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Newcastle Herald
Newcastle Herald

EPA trains big guns on Hunter couple over 'two fragments' of fibro in flood fill

Michael Corling obtained his fill from 'reputable' firms but the EPA is after him.

Millers Forest couple Michael and Cheryl Corling say that when they had to raise a section of their land above the flood plain, they did the right thing from the start, using a reputable local haulier who obtained certified clean fill from a well-known waste management company.

But as the Newcastle Herald is reporting, the EPA was already investigating the Sydney yard for asbestos before it provided the 2000 tonnes or so that went to the Corlings.

Yet the EPA appears to have dropped any investigation of the provider or the haulier, and is concentrating instead on the Corlings after finding what a draft clean-up notice served on the couple describes as two "fragments of fibrous board" analysed to contain asbestos.

Despite its Sydney suspicions, the EPA's pursuit of the Corlings includes a claim that "other waste material" from their land had been "used together" with the new fill in the raised pad, an assertion the couple categorically deny.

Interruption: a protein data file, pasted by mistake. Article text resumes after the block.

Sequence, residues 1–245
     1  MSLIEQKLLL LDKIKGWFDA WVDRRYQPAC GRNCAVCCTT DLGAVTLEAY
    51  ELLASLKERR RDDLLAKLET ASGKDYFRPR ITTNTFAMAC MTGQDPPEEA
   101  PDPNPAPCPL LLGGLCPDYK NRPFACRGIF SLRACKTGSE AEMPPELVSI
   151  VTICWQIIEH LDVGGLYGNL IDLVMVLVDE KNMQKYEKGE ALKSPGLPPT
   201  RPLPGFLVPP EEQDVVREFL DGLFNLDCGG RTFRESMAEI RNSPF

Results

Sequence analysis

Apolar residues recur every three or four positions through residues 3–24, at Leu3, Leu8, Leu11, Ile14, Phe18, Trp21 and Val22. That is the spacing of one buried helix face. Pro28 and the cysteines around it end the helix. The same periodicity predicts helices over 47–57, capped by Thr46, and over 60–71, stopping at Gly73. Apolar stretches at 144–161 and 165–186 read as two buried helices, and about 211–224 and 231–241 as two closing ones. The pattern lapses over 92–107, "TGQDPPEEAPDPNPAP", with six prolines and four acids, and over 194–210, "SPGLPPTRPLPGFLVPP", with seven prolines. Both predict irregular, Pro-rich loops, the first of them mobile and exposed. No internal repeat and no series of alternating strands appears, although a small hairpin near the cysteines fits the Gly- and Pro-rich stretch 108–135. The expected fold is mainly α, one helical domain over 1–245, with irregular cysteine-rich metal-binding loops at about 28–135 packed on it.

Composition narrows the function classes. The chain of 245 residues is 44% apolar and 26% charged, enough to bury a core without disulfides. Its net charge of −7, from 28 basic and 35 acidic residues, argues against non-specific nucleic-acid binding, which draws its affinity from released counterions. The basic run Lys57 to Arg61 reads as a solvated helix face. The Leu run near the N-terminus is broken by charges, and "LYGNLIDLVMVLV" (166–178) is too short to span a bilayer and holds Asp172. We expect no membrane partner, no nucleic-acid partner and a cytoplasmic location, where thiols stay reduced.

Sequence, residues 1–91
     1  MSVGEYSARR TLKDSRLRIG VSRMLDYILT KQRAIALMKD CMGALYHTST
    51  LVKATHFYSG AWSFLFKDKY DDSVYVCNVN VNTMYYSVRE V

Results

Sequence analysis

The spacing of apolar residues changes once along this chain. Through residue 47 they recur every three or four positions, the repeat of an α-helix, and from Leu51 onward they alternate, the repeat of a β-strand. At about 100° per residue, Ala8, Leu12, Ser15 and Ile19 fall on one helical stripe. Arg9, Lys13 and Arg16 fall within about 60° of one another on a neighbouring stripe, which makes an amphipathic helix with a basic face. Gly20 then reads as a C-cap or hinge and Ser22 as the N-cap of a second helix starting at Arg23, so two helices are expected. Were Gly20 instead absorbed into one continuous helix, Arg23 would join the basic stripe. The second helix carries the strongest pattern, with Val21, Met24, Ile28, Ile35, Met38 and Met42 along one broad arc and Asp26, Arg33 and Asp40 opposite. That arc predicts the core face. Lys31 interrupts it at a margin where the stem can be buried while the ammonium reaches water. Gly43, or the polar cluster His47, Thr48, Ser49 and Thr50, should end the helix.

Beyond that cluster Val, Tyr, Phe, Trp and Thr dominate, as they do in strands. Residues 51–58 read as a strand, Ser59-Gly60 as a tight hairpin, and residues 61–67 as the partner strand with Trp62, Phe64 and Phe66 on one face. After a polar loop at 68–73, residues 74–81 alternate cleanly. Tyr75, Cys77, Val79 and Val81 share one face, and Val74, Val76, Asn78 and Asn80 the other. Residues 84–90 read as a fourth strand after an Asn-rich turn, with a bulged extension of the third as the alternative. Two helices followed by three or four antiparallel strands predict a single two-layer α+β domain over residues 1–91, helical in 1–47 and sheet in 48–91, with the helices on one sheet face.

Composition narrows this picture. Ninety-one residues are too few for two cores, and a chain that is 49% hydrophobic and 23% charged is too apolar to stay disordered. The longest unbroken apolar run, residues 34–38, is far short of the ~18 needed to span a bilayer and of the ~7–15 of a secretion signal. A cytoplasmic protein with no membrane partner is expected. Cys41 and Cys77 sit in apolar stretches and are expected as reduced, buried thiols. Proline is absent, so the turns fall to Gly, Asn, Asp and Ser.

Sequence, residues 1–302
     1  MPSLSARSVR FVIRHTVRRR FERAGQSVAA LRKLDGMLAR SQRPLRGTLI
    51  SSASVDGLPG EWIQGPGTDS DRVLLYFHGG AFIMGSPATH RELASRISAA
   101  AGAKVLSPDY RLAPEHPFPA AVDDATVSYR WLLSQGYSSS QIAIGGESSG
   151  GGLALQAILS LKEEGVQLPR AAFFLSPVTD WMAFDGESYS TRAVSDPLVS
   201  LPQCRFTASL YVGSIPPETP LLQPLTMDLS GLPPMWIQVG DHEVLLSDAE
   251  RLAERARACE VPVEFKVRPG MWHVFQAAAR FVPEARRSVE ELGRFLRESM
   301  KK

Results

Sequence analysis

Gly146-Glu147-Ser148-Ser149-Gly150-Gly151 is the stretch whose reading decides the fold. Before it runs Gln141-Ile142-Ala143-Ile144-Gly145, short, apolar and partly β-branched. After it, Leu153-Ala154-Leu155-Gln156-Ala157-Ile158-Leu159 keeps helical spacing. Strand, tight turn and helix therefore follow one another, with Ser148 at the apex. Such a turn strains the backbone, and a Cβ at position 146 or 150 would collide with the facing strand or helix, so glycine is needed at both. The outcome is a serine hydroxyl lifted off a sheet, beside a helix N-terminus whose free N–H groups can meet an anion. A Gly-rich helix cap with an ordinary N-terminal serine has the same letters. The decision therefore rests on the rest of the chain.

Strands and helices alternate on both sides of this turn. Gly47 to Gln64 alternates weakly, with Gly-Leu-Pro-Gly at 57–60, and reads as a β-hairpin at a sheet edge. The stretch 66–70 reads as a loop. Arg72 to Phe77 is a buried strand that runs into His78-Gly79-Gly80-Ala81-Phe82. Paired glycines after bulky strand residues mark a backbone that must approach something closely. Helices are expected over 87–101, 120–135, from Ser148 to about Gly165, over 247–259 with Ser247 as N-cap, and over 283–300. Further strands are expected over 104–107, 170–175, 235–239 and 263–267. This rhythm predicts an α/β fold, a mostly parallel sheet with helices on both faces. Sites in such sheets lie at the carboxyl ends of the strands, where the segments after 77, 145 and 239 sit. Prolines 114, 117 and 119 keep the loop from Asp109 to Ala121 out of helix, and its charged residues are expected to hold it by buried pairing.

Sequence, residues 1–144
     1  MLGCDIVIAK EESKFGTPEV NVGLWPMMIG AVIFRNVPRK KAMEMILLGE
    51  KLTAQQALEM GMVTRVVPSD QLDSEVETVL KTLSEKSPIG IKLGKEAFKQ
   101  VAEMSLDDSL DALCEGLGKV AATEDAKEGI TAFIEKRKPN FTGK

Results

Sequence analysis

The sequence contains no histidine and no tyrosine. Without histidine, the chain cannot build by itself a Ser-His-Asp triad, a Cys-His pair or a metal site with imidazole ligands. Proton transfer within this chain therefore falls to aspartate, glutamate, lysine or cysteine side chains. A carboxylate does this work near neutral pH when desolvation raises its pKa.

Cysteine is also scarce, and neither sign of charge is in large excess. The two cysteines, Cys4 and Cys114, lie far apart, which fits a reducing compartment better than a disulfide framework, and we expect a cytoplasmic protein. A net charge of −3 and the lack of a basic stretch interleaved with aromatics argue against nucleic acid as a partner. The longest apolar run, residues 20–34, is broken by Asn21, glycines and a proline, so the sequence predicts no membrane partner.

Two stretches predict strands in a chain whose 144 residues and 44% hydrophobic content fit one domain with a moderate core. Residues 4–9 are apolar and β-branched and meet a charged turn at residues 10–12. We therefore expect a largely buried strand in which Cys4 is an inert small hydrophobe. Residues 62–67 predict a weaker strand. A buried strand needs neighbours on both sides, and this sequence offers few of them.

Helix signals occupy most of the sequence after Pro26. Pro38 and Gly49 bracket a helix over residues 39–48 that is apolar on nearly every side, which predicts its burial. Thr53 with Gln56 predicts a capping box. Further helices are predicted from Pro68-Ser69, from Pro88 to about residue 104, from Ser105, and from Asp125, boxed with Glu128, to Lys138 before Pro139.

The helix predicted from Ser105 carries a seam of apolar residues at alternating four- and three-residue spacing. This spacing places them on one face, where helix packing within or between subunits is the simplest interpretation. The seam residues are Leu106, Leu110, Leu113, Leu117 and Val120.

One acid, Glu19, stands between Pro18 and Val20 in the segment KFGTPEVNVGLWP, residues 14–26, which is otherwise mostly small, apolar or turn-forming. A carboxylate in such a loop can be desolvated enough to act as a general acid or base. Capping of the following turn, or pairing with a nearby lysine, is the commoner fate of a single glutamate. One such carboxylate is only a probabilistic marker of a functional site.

There is no doubting the deleterious health effects of asbestos, especially loose fibrous material used as insulation.

But here we are talking about two "fragments" of fibro.

Millions of Australians, including many thousands of people in the Hunter, live in houses made of the material.

Australia still has tens of thousands of kilometres of water mains made of asbestos cement.

Fibro and tile houses like these are common across the Hunter.

We raise this not to dispute that inhaled asbestos fibres are dangerous, but to reinforce a need for proportionality.

After looking at the case, Labor MPs Jenny Aitchison and Kate Washington support the Carlings and say the EPA is going after the victim, not the perpetrators.

On all the available evidence, the Herald agrees.

Ironically, the draft clean-up notice tells the Carlings that if they do what the EPA says, they can go to court to recover their costs "from the person who caused the incident".

That would presumably be the same person or persons that the EPA is apparently unable, or unwilling, to prosecute.

As the EPA often allows large corporates to cap their toxic waste rather than remove it, it should allow the same here, unless the Carlings want the material gone.

But whatever happens should happen quickly, and not at the expense of the Corlings.

Given the lost time and cost so far, the couple should probably be compensated for what Ms Washington describes as "a completely inappropriate application of the law".

A view of the Corling property mound where the EPA says it found asbestos late last year.

ISSUE: 39,654.

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